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What happens next…? – The Reverend Canon Michael Smith (Pastor)

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The Reverend Canon Michael Smith (Pastor)

Sunday 21 October 2018 10am Choral Eucharist

Ecclus 38.1-15 & John 9.1-12

(York Medical Society in attendance at this service)

It is virtually impossible for me to describe what it is like to suddenly see after being blind since birth. My first sensation, as I washed the mud from my eyes, was a kind of pain. It hurt.  My eyes hurt. I immediately shut them again. I felt dizzy and disorientated. When I opened my eyes again all I can say is that it was like someone blowing a horn right in your ear after you had been sitting in silence for a long time – only it was someone shining light in to my eyes.

It had been just an ordinary day. My parents had put me in my prime begging spot early in the morning. I chatted to a few of the locals about this and that and sat the rest of the time just thinking and occasionally I hummed a tune quietly.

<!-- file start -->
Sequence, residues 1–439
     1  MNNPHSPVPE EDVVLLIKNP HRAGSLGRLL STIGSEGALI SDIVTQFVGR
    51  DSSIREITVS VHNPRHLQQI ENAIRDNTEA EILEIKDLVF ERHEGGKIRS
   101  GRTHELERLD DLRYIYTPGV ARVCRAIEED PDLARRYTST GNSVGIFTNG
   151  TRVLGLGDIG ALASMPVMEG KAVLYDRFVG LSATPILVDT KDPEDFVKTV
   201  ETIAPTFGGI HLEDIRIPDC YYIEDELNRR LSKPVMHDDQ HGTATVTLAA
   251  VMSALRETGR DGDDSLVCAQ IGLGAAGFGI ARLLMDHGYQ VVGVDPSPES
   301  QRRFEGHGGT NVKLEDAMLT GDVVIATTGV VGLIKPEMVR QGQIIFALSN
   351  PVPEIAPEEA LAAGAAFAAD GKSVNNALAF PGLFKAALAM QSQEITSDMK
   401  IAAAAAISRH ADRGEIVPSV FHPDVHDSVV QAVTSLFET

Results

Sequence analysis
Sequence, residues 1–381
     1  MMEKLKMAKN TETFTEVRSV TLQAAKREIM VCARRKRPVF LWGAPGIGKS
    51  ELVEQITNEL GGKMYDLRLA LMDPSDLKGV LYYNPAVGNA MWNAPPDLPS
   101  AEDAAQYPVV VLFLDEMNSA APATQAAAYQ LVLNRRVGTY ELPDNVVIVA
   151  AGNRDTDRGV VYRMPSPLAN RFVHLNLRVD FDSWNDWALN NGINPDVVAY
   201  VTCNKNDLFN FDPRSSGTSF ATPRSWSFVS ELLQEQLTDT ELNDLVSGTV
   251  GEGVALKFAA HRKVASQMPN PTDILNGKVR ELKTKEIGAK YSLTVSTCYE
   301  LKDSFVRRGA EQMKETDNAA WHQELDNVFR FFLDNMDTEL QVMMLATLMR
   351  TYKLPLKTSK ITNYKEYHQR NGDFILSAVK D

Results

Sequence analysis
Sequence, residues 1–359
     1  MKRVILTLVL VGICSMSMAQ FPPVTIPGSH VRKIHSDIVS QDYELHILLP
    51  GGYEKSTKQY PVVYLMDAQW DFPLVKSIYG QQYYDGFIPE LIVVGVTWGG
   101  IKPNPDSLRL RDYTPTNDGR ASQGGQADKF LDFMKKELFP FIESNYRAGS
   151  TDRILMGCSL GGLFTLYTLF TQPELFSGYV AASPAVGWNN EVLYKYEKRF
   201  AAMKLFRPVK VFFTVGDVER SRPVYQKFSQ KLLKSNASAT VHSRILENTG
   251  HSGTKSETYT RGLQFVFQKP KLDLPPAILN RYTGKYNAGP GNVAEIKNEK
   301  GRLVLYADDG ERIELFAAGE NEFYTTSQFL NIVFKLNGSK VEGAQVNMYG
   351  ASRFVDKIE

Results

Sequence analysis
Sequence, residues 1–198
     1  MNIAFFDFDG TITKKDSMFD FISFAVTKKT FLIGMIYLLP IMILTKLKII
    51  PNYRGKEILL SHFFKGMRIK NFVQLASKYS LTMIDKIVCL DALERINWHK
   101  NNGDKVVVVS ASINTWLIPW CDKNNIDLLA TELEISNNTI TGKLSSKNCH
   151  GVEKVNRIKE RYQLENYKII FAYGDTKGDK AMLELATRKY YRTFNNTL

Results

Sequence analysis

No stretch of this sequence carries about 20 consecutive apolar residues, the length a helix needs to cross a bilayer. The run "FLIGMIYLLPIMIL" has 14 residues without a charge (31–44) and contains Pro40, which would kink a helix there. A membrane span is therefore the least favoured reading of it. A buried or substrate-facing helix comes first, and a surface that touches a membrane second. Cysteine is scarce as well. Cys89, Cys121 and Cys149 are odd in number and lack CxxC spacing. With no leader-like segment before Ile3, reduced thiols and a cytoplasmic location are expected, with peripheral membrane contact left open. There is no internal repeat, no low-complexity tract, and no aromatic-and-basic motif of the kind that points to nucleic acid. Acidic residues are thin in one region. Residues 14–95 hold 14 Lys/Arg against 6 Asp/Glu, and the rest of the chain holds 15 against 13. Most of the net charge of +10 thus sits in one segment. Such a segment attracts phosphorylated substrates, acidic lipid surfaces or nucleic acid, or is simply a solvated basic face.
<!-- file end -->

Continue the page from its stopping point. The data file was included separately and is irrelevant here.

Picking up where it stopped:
Suddenly I became aware of quite a large group of people coming towards me. They stood near me and soon I realised that they were talking about me. I supposed they were a group of students or Pharisees because they were talking about why I was blind – for whose sin was this man’s blindness a punishment, his parents or his own – they mused. For them I was an interesting subject for discussion, not a person. This did not unduly worry me because it happened all the time, I was used to it. And then one of them came close to me. He touched me on my arm very gently and introduced himself. He asked me if I would mind him touching my eyes. He said he was going to give me my sight back. I thought for a moment. Was this some kind of sick joke? Was this someone taunting me – like the children who would laugh at me, hide my stick and kick my begging bowl down the street? But I could sense only gentleness in his touch and sincerity in his quiet voice and so I said that I did not mind. I had nothing to lose. He let go of my arm, there was a slight pause, and then I felt this warm, slightly gritty substance being smoothed over my eyes. He told me to go and wash my face in the nearby pool of Siloam. I slowly made my way there and did as he had asked and it was as I stood to dry my face that my eyes were hit with a thousand tons of brightness.